According to the State Department, more than 15,000 residents and staff in nursing homes and other long-term care facilities have died from COVID-19.

The agency is report According to State Attorney General Letitia James in January, state officials were found to have publicly underreported data by as much as 50%.

Governor Andrew Cuomo’s administration probe According to the Federal Bureau of Investigation on the handling of nursing homes during the crisis, including the accuracy of the information New York provided to the US Department of Justice last year.

Previously, state regulations requiring nursing homes to accept COVID-positive patients directly from hospitals and protecting the medical industry from litigation have also been scrutinized and criticized.

New York Veterans' Home in St. Albans, Queens.

New York Veterans’ Home in St. Albans
Ben Fractenberg / THE CITY

But even during the crisis, St Albans veterans’ homes stood out.

As THE CITY previously reported, the staff Sounded an alarm In May 2020, state-owned facilities did not properly isolate residents with estimated or confirmed COVIDs and kept them in shared rooms with roommates who were not known to be ill.

The facility was also unable to assign full-time staff to treat residents known or presumed to have the coronavirus — despite the state’s Ministry of Health. Mandatory Such isolation at a facility where COVID cases have been identified to limit the potential spread of the virus by staff.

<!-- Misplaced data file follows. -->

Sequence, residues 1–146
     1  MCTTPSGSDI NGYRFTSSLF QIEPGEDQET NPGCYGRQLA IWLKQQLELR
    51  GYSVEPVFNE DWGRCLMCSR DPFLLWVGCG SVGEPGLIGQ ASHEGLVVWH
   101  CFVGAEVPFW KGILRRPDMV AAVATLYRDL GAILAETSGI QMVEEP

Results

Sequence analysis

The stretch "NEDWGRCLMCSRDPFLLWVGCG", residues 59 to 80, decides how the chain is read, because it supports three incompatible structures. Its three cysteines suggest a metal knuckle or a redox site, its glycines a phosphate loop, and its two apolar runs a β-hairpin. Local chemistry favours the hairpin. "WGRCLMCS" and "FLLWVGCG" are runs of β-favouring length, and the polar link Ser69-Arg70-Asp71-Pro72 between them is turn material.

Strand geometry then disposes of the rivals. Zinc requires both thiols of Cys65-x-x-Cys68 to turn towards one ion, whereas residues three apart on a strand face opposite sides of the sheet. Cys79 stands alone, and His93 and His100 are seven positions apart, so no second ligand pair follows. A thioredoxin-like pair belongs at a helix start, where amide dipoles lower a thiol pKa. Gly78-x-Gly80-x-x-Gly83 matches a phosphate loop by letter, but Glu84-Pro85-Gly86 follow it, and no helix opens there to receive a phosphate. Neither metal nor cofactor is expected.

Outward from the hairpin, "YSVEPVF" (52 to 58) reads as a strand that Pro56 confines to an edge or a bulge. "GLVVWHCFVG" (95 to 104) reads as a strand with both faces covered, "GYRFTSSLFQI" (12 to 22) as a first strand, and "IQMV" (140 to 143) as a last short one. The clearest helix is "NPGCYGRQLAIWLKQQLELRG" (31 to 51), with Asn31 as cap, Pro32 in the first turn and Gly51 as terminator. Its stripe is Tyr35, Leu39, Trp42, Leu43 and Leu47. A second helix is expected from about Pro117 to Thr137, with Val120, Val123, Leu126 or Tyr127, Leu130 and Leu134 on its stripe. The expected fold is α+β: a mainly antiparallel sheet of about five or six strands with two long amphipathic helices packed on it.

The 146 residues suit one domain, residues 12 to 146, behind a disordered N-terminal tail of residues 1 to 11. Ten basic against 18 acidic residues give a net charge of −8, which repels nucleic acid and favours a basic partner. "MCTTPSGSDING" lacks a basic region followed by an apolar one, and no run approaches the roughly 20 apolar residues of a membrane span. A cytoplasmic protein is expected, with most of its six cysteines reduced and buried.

Just before last year’s Memorial Day, staff provided THE CITY with a list of residents who died of COVID-19. Act of rebellion The purpose is to draw attention to the state’s underestimation of the deaths of veterans at home.

The list identified 48 residents who died when state officials admitted up to 35 coronavirus-related deaths.

Earlier this year, THE CITY was reported by many families responsible for the medical decision-making of relatives in nursing homes. Was not informed The facility staff said that a loved one was given hydroxychloroquine. This is an antimalaria drug used as an experimental COVID-19 treatment.

From March to late April 2020, at least 62 residents were given the drug, documents and sources said.

Surprise visit

Neither Senator Leroy Comrie (D-Queens) nor Alicia Hyndman (D-Queens) in the district, including the Nursing Home, responded to requests for comment from THE CITY.

However, lawmaker Ron Kim (D-Queens), who has been vocally criticizing Cuomo’s response to the crisis in nursing homes, said a photo of PPE outside the St Albans facility shows how state officials store protective equipment. Distribution method.

Parliamentarian Ron Kim (D-Queens)

Parliamentarian Ron Kim (D-Queens)
Ron Kim / Facebook

Kim, chairman of Congress’s Aging Commission, has introduced legislation that allows state legislators to visit nursing homes and other care facilities without notice to check for negligence and violations of the PPE protocol. He said he was planning to do it.

“This is clear evidence that another surveillance hearing is needed as soon as possible to continue the analysis and investigation of what is happening at the state-owned nursing home facility,” he said.

Mountains of PPE Left to Corrupt Outside New York-Queens Nursing Home